The plant-based food sector has reached a market value of $3.5 billion with an 8.7 percent growth rate in only the past two years. Consumer habits are shifting towards purchasing more plant-based foods and the meat and dairy industries are starting to show that they feel threatened. In a recent letter to the U.S. Food and Drug Administration, 32 members of the Congress argued that plant-based milk cannot be called “milk” due to the fact that labeling almond milk, coconut milk, soy milk, etc… “is misleading to consumers, harmful to the dairy industry, and a violation of milk’s standard of identity.” In that same letter, they go on to define milk as “the lacteal secretion … obtained by the complete milking of one or more healthy cows.” To us, it sounds like these concerned members of Congress are playing a game of semantics.

If this all seems familiar to you, it’s because we’ve been down this path before. When Unilever, the world’s largest producer of sandwich spreads and owner of Hellmann’s Mayonnaise, heard talk of a new company named Hampton Creek was making deliciously creamy egg-free sandwich spread called Just Mayo (that looks like mayo and tastes like mayo without the eggs), they would not let it stand. They filed a lawsuit on the grounds that “real mayonnaise” must contain eggs. They later dropped the lawsuit and today, you can find Just Mayo and Hellmann’s Carefully Crafted Dressing and Sandwich Spread, A.K.A. vegan mayo, (the name just rolls off your tongue, doesn’t it?) on the shelves of most grocery stores. Plant-based foods are here to stay and if you can’t beat ’em, you join ’em.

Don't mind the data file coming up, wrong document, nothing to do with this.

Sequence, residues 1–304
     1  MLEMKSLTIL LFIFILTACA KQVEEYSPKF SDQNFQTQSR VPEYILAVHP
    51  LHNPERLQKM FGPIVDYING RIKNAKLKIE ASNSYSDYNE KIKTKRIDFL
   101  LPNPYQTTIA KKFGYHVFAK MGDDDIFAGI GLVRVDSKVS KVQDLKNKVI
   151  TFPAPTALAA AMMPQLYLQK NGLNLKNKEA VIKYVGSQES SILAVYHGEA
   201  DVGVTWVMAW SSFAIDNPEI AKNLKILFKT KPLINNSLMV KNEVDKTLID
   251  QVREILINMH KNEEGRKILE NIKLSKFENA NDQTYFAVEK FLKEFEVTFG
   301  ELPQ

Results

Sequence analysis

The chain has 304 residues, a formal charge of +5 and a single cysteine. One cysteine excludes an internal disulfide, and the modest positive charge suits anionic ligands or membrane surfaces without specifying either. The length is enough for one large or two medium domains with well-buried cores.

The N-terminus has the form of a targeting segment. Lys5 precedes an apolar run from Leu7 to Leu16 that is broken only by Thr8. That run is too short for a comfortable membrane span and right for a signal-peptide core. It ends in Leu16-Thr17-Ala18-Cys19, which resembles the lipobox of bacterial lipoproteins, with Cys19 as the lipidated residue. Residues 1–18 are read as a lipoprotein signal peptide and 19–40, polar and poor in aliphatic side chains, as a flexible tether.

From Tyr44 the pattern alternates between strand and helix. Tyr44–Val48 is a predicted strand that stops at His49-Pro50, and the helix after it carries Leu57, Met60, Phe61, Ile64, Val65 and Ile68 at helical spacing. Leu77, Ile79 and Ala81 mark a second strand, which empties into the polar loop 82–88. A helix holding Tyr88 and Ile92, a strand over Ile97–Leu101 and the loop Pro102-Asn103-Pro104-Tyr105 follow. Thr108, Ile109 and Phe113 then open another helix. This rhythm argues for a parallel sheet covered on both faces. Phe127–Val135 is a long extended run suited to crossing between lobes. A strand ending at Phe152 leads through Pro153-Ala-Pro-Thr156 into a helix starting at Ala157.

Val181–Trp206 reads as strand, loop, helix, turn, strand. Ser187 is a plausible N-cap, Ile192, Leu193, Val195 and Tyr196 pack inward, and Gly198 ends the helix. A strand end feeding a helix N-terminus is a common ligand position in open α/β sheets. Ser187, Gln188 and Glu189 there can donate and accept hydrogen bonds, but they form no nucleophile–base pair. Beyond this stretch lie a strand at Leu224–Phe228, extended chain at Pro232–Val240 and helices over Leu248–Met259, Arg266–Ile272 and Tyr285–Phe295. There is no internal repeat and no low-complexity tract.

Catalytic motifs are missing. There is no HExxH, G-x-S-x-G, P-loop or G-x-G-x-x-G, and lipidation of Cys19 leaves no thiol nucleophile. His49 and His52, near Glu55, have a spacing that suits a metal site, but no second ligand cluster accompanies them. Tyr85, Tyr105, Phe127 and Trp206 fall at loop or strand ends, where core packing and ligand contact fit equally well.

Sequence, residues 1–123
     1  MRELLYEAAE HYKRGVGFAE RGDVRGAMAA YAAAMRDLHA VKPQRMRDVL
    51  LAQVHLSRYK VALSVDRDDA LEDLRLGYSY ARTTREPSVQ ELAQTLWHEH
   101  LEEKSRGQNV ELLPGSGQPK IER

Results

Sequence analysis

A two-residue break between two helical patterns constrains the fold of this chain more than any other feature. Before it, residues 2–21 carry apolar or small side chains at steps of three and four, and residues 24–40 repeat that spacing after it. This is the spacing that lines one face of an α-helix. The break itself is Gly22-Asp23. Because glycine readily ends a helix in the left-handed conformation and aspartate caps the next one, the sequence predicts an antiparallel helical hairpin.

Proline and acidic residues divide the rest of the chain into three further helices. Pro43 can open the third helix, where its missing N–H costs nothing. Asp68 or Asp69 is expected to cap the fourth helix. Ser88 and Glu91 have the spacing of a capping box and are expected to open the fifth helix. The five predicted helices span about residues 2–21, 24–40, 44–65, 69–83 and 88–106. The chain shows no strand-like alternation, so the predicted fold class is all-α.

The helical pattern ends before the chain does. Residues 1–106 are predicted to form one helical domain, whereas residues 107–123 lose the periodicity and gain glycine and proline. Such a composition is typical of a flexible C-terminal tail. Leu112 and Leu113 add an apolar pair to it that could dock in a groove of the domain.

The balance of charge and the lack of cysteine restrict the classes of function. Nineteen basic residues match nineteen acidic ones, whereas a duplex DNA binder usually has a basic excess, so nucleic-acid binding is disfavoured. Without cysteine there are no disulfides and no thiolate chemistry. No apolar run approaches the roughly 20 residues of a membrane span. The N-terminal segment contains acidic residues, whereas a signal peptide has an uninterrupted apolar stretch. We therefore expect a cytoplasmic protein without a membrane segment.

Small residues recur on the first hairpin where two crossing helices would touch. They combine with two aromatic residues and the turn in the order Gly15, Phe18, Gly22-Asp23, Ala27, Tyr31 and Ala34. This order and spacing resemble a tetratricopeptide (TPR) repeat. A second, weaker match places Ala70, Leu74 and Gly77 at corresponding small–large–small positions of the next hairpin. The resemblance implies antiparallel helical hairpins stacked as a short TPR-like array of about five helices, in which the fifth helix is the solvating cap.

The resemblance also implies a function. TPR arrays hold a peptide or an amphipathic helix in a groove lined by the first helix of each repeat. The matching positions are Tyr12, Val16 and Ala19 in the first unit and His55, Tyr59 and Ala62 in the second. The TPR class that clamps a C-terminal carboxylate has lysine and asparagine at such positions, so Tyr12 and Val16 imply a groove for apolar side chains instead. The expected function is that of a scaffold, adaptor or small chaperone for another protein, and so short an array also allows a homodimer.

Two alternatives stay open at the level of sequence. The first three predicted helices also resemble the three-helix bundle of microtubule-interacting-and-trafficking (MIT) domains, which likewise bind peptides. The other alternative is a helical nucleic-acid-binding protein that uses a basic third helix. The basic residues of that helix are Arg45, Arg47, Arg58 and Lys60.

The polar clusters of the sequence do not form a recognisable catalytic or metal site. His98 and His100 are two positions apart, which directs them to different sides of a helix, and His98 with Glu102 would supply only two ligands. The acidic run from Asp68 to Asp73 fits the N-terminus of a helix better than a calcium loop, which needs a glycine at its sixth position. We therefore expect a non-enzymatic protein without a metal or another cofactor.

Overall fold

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It is clear that the representatives who signed off on the letter to the FDA are arguing their case for milk because they feel that the industry is threatened by the plant-based food sector, just like the story of Unilever and Hampton Creek. They stress that it is “misleading and illegal” for companies like So Delicious, Silk, and various other brands to market plant-based milk as “milk.” The plant-based milk market alone has grown by 250 percent and become a $894.6 million industry in the past five years, while – as the letter stresses – the dairy industry has fallen by seven percent.

This isn’t the first time that the dairy industry has voiced concerns to the FDA about the rapid growth of the plant-based milk industry. Judging by how Unilever’s lawsuit with Hampton Creek ended, perhaps it is time for the dairy industry to embrace change rather than trying to fight it, much like Ben & Jerry’s decision to sell almond milk-based ice cream or California dairy farmers who are switching over to almond groves.

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